10 August 2020
(Private Members' Statement, 6 August 2020, Legislative Assembly, NSW Parliament)
A diverse and vibrant late-night economy is a hallmark of a great global city and it is essential that we establish a roadmap to help the city's nightlife recover after the pandemic. Before COVID-19 hit, Sydney's late-night economy was crippled by six years of 1.30 a.m. lockouts and over a decade of a freeze on any new premises. While the provisions provided an important circuit-breaker to spiralling violence and unsustainable venue growth in inner-city hotspots, they impacted on the city's social and cultural fabric, and its reputation as an interesting place to visit at night.
The lifting of the lockouts on Oxford Street and in the central business district brought hope of a rebirth, but unfortunately COVID-19 has required new harsh and important restrictions on late-night premises to protect life. It is a significant blow to the industry, especially as we potentially face a second wave. The vast majority of hospitality venues are now barely keeping afloat, with many operators telling me they may not survive. The sector is based on bringing people together and providing opportunities to socialise, making it especially vulnerable to impacts of social distancing.
Before COVID-19 the hospitality industry employed almost a million people across Australia, but the pandemic has led to mass lay-offs in the sector. Data from the Australian Bureau of Statistics shows job cuts of 27.1 per cent over April. Over 6 per cent of additional workers left the industry between May and June. There are estimates that up to half of hospitality jobs could be gone by the end of September and predictions that COVID‑19 could result in 30 per cent to 50 per cent of hospitality businesses becoming insolvent. Around 40 per cent of employees in the industry are not eligible for JobKeeper because they are short term, casual or temporary visa holders. Letting bars sell takeaway food and drinks—which was introduced in response to my request—is providing much‑needed income but takeaway can replace only 5 per cent to 10 per cent of business. Venues are unlikely to be able to cater to their full capacity for a long time and will miss out on the boom periods of summer events and Christmas. The recession will have broader impacts as people have less money to spend on discretionary expenses. There are reports that when restrictions were eased after the lockdown, landlords began demanding rent increases that far exceeded any gain in returns. The growing community transmission across Sydney shows that the business situation remains unstable and any increase to rent will hit a business' future viability. We urgently need a plan to stop the industry from collapse.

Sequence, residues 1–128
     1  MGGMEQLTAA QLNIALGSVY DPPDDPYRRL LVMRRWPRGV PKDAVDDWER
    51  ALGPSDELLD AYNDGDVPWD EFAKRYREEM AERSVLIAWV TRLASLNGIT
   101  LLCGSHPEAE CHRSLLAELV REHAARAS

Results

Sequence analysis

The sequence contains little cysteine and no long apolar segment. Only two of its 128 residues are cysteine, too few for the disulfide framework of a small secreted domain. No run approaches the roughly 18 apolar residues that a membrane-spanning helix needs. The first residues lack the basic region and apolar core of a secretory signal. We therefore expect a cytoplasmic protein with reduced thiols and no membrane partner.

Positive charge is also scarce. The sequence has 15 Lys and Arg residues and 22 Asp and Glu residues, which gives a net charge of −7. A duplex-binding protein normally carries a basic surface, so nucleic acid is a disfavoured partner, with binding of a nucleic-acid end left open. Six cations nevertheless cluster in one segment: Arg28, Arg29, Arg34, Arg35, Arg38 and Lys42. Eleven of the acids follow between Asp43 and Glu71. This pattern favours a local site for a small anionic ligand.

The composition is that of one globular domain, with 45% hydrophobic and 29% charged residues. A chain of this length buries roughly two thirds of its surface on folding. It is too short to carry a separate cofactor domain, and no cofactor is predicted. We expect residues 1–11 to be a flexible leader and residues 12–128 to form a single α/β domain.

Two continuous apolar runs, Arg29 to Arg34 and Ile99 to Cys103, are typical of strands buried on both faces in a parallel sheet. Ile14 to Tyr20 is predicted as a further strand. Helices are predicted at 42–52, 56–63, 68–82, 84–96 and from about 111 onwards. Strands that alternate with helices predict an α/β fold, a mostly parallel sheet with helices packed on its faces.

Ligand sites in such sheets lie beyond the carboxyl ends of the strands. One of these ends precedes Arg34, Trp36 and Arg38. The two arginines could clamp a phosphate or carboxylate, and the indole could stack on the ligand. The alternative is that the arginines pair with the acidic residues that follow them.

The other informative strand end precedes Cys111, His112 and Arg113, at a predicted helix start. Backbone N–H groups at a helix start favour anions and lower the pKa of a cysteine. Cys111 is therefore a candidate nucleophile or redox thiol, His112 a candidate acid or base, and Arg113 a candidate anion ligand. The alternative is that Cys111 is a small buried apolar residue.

If the sector has a clear guaranteed future, it will give operators confidence and encourage investment. The planned removal of the liquor freeze in the CBD and Kings Cross on 1 December is a good start in supporting new businesses in the city. Venues should be able to make an application without having to go separately to various agencies, such as Liquor & Gaming NSW, the council and police. We need to use this time to get the licence density in Kings Cross right and remove the 1.30 a.m. lockout that still exists. Sydney WorldPride 2023 will bring significant activation to the inner city at night. The guarantee of an influx of visitors to the area in 2023 is helping to boost confidence in the hospitality sector, particularly around Oxford Street, while planning is providing economic stimulus.
Investment in new cultural facilities such as social hubs could attract new patrons to late‑night trading spots and revitalise their economies. The Metro Minerva Theatre in Potts Point provides significant opportunity to create new theatre space and diversify Kings Cross at night. Planning could start now to deliver a facility when the pandemic is over. Financial help is needed to give businesses access to low or no interest recovery loans and payroll tax deferrals must continue for another six months. Federal measures are also needed to expand the coverage of JobKeeper and extend the moratorium on bankruptcy. Importantly, we need a plan for the long‑term survival of the sector. I understand a late‑night strategy has been in development for some time but it needs to be brought forward in response to COVID-19, with the focus on protection and recovery. I call on the Government to establish a pathway that ensures the city can have a late‑night economy that is safe and exciting during and after the pandemic.